Ocean Software co-founder David Ward dies at 75

David Ward Batman The Caped Crusader box art
Another UK legend passes away (pic: Metro.co.uk)

Many are expressing condolences and sharing tributes to the recently deceased David Ward, a pioneer within the UK games industry.

Younger gamers are unlikely to recognise the name, but if you were an avid video game fan during the 80s and 90s, you’re definitely be familiar with Ocean Software.

Sadly, its name hasn’t popped back up due to a revival or anything as welcome as that. Instead, it’s because one of its founders, David Ward, has sadly died at the age of 75.

The news broke courtesy of his son, Ben Ward, via Twitter, who wrote ‘Sad to report that my father David Ward has died. Born in 1947, he was a computer games pioneer and father of six. We had a complicated relationship and we loved each other. Will miss you Pop.’

Ward founded Ocean Software alongside Jon Woods in 1983. It was initially called Spectrum Games and released clones of arcade games like Frogger for home computers such as the ZX Spectrum and Commodore 64.

The company later changed its name and went on to release many well-received licensed games based on popular movies, which Ward served as producer on.

Such games included ones based on RoboCop, Rambo, as well as three Batman games. Two of them were tie-ins to the Tim Burton movies, but a wholly original action game titled Batman: The Caped Crusader preceded both of them.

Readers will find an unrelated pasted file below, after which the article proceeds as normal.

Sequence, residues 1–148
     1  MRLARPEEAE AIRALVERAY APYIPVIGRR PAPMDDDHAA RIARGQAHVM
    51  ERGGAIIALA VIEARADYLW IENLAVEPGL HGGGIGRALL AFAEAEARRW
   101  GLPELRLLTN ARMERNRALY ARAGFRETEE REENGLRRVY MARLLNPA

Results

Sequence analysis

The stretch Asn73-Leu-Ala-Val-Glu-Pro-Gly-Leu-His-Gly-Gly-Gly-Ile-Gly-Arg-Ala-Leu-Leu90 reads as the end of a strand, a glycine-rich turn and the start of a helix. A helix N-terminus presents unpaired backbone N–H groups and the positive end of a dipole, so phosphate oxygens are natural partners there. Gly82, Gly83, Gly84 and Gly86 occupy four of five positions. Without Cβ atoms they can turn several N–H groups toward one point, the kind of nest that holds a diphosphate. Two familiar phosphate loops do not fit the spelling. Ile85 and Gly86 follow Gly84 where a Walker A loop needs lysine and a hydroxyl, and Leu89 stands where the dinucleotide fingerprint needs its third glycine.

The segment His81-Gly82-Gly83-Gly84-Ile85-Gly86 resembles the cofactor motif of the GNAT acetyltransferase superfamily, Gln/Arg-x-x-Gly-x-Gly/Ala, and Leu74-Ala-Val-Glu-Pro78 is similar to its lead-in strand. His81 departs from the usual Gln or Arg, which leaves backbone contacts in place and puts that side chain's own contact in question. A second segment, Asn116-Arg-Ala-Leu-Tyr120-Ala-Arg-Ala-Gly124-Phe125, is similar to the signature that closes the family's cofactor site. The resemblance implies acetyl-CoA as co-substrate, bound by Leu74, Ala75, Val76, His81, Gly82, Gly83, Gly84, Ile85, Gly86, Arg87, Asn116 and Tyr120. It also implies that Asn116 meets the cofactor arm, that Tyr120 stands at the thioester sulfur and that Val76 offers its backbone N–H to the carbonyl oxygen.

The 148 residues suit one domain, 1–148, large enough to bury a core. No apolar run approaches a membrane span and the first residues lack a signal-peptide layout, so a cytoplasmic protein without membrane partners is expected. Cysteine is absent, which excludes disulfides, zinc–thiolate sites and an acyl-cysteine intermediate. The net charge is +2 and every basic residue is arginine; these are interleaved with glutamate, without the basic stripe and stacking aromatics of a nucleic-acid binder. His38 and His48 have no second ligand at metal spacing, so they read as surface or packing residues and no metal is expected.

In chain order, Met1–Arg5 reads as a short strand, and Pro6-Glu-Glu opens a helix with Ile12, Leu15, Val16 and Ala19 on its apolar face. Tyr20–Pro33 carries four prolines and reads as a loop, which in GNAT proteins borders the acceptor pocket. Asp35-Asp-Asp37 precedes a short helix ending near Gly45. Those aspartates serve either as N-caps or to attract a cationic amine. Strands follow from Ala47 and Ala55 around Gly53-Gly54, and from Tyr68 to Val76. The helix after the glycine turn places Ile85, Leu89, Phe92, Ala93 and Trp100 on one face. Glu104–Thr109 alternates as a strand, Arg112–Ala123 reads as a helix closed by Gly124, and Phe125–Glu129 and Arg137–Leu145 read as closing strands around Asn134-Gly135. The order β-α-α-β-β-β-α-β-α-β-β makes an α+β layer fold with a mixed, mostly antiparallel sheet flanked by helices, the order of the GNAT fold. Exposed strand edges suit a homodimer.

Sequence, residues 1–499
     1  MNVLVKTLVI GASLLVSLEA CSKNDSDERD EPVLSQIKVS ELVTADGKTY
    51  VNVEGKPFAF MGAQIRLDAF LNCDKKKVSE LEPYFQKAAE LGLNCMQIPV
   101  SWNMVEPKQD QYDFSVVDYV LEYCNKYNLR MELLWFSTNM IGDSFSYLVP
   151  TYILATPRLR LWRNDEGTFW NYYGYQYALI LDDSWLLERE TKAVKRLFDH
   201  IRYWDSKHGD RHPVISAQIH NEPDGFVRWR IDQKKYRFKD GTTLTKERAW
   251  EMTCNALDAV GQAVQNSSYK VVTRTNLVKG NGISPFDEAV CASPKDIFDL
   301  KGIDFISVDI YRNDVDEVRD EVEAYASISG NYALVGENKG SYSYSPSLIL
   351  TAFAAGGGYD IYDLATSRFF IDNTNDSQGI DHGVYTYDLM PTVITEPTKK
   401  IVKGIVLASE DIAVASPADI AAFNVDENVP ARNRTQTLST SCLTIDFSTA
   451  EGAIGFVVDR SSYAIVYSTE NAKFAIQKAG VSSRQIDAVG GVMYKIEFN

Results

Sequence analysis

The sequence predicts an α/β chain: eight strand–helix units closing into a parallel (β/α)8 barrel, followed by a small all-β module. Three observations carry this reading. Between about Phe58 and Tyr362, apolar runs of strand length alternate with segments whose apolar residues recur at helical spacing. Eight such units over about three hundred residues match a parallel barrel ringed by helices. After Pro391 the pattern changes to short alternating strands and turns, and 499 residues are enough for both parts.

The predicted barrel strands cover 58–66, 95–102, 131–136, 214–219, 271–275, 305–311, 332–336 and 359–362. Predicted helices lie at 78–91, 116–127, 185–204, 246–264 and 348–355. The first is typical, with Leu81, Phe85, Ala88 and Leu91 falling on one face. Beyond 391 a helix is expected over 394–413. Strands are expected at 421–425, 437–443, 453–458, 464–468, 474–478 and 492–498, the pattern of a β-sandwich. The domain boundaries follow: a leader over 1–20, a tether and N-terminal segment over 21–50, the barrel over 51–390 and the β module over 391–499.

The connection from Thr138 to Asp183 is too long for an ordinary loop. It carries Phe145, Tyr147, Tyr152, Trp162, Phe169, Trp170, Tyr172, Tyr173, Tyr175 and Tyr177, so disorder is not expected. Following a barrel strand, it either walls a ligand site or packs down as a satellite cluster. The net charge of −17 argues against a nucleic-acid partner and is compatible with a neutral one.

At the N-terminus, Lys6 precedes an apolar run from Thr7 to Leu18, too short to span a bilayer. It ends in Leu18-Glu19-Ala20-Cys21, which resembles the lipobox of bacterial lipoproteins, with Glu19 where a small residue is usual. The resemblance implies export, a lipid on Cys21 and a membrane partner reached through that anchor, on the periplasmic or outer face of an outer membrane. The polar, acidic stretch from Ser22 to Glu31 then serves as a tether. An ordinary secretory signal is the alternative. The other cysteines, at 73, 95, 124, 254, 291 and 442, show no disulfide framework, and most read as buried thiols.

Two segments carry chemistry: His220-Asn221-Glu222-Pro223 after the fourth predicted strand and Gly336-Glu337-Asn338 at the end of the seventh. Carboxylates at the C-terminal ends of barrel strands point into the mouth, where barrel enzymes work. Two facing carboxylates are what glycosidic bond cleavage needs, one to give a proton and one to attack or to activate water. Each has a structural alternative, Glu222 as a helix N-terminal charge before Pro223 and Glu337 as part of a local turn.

It also published a number of arcade conversions in Europe, ranging from Rainbo Islands to Midnight Resistance, and even Donkey Kong.

Ocean also published original titles too, including Sensible Software’s Wizball and the Match Day series.

The Manchester based company went on to become one of the biggest game publishers in all of Europe, before it was bought out by Infogrames in 1996. It was shut down only two years later.

Ward himself was considered a pioneer within the industry, with some figures coming out to express their condolences.

‘Another legend of the UK games industry has gone,’ tweeted Andy Payne, vice president of the Special Effect charity.

‘David Ward had such an effect on so many of us in the games industry. His impact can still be seen globally but particularly in the Manchester games scene,’ said GamesAid Trustee Gina Jackson.

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